Based on the high value that Israelis place on the lives and freedom of their fellow citizens, Israel released—as of the early 1980s—thousands of imprisoned Palestinian terrorists in return for a handful of captured Israelis. Hamas took notice, and began taking hostages to extract the release of incarcerated Hamas terrorists.
As early as 1994, Hamas kidnapped the Israeli soldier Nachshon Wachsman, murdering him during an IDF rescue operation. In 2006, Hamas abducted IDF tank gunner Gilad Shalit. He was released five years later in exchange for 1,027 Palestinian terrorists held in Israeli prisons. In 2014, Hamas terrorists kidnapped three Israeli boys near Jerusalem, murdering all three after one of the boys called the police on his cellphone. And in violation of the Geneva Conventions, Hamas is holding for ransom the bodies of two Israeli soldiers it killed and abducted during Operation Protective Edge in 2014. Israel’s security services have thwarted several Hamas plots to kidnap Israelis, most recently just last month.
Hamas has created and used smuggling tunnels from the Gaza Strip into Egypt since 1983, a year after the completion of Israel’s withdrawal from Sinai under the 1979 Egyptian-Israeli peace treaty. Egypt has also since constructed a barrier on the border between then-Israeli held Gaza and its own territory. Hundreds of such tunnels have been dug and used both for passing civilian contraband and for smuggling a variety of weapons, including rockets. The current Egyptian government has destroyed most of those tunnels, but some are thought to remain in operation.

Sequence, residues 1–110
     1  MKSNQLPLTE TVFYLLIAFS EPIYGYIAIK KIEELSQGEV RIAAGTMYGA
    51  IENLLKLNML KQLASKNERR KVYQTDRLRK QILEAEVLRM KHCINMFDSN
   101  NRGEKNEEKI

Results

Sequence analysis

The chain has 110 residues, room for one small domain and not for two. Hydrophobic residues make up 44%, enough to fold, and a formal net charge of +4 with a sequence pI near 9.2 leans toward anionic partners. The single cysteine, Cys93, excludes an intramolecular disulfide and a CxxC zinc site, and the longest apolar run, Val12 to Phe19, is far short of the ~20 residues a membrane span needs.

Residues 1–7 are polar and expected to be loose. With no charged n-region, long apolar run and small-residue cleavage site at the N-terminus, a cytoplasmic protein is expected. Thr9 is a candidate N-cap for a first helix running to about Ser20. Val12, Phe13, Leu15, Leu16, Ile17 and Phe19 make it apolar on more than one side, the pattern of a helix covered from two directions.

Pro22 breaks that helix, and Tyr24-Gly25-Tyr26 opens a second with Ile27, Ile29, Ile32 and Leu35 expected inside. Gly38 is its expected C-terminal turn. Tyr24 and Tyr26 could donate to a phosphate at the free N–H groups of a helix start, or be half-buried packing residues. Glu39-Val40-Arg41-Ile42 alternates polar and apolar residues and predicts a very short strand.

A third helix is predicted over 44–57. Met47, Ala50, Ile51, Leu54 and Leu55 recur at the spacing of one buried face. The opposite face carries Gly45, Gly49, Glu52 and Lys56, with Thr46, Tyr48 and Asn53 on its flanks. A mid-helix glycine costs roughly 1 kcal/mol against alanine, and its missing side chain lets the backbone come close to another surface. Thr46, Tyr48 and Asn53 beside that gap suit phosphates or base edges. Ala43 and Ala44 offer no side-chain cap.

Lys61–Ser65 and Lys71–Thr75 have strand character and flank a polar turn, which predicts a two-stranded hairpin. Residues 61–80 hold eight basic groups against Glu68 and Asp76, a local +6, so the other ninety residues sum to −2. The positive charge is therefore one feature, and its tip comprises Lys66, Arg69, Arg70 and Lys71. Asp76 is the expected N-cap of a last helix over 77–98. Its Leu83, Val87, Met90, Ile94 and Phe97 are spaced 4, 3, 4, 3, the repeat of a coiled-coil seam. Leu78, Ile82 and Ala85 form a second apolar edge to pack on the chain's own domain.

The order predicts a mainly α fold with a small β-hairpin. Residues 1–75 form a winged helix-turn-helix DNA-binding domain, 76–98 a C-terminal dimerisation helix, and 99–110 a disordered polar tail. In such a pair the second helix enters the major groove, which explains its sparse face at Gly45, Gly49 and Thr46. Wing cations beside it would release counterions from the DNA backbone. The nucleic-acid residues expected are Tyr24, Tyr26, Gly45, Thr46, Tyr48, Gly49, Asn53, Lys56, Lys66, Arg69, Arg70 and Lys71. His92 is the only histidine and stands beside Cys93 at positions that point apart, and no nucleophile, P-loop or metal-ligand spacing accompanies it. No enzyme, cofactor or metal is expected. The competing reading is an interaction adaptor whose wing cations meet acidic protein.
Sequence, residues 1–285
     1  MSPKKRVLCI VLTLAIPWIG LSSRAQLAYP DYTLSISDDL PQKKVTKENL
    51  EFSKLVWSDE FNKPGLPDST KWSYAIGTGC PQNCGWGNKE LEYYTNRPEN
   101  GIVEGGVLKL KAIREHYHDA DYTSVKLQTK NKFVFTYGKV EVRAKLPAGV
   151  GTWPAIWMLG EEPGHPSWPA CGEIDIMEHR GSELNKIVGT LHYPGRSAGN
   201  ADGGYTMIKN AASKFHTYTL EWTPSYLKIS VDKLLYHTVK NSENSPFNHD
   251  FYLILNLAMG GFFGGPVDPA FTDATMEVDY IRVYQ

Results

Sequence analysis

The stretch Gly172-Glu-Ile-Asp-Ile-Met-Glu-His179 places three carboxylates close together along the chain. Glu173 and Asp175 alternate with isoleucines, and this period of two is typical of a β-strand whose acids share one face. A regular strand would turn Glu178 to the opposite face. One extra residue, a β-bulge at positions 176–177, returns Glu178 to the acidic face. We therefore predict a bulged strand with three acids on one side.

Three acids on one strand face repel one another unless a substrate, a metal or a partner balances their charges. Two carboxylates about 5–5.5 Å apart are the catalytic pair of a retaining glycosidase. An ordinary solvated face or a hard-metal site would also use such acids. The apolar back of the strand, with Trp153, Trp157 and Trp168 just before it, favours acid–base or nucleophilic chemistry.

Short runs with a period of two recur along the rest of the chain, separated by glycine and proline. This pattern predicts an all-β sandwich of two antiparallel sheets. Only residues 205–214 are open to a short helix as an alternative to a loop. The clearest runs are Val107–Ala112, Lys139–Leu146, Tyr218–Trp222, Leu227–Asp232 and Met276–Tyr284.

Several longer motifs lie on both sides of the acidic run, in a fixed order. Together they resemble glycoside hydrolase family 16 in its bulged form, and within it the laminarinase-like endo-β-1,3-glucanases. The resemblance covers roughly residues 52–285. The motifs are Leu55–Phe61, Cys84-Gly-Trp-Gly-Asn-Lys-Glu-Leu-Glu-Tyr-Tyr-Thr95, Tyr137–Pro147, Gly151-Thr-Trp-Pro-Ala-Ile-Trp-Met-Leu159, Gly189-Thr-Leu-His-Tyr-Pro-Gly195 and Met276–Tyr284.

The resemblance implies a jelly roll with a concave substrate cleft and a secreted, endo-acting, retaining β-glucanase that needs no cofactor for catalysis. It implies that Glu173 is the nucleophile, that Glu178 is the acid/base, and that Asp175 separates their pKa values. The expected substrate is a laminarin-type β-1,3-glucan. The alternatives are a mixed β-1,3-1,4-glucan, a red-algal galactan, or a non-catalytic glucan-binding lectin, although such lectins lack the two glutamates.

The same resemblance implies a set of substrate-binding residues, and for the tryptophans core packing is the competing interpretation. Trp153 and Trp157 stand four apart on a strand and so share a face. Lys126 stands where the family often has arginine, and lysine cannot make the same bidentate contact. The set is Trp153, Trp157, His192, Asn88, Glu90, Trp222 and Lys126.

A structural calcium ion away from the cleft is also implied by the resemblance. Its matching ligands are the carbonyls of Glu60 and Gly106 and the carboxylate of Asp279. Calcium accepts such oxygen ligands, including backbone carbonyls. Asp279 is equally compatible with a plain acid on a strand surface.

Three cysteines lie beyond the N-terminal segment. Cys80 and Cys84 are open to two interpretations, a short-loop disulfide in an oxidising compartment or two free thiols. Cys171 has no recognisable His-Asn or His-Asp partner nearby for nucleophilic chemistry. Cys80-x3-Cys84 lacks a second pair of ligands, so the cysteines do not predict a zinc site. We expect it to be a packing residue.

A second system of tunnels runs within the Gaza Strip itself, with the purpose of concealing weapons and explosives, hiding terrorists and enabling them to surprise Israeli soldiers engaged in operations inside Gaza.
The third system is of the greatest concern to Israel. Those are attack tunnels that originate in Gaza and end in Israel. Cross-border tunnels were used in the abduction of Gilad Shalit in 2006, and by Hamas terrorists to attack Israeli soldiers during the 2014 Operation Protective Edge. In response, the IDF reportedly "neutralized" 32 tunnels, 14 of which had crossed into Israel.
Given the proximity of Israeli towns to Gaza, the possibility that Hamas will use the attack tunnels to abduct Israeli civilians has been of even greater concern. Israel has made significant efforts to prevent this scenario. It is, for example, building an underground barrier along the Gaza-Israel border, and has invented a sophisticated tunnel-detection system. These efforts are already bearing fruit. Earlier this month, the IDF detected and destroyed a Hamas cross-border attack tunnel—the third in recent months—which penetrated hundreds of yards into both Israeli and Egyptian territory from the Gaza Strip.
While Iran remains Israel’s foremost long-term strategic threat, Hamas is second only to Hezbollah as an immediate threat to Israel’s security and the lives of its citizens. By successfully disseminating its core, unchanged ideology of destroying Israel through “armed struggle” and replacing it with an Islamist Palestinian state, Hamas has managed to indoctrinate and recruit many young Palestinians to commit suicide bombings, fire rockets, kidnap Israelis and dig attack tunnels.
Unfortunately, the current lull in Hamas’ attacks is the product of Israeli deterrence, not a change of heart. Hamas will strike again as soon as it believes that the benefits of another round of fighting outweigh the costs. That is why, similarly to Hezbollah, Hamas continues to amass thousands of increasingly effective rockets with the hope that their sheer number will eventually overwhelm Israel’s Iron Dome. Hamas is also likely to continue its effort to abduct Israelis in order to secure the release of imprisoned Hamas terrorists.
Israel, therefore, remains vigilant. It is doing all it can to continue deterring Hamas from renewing its attacks, while simultaneously developing countermeasures to block any future Hamas strikes. It is incumbent upon the U.S. government to wholeheartedly support these Israeli efforts against the terrorist organization Hamas.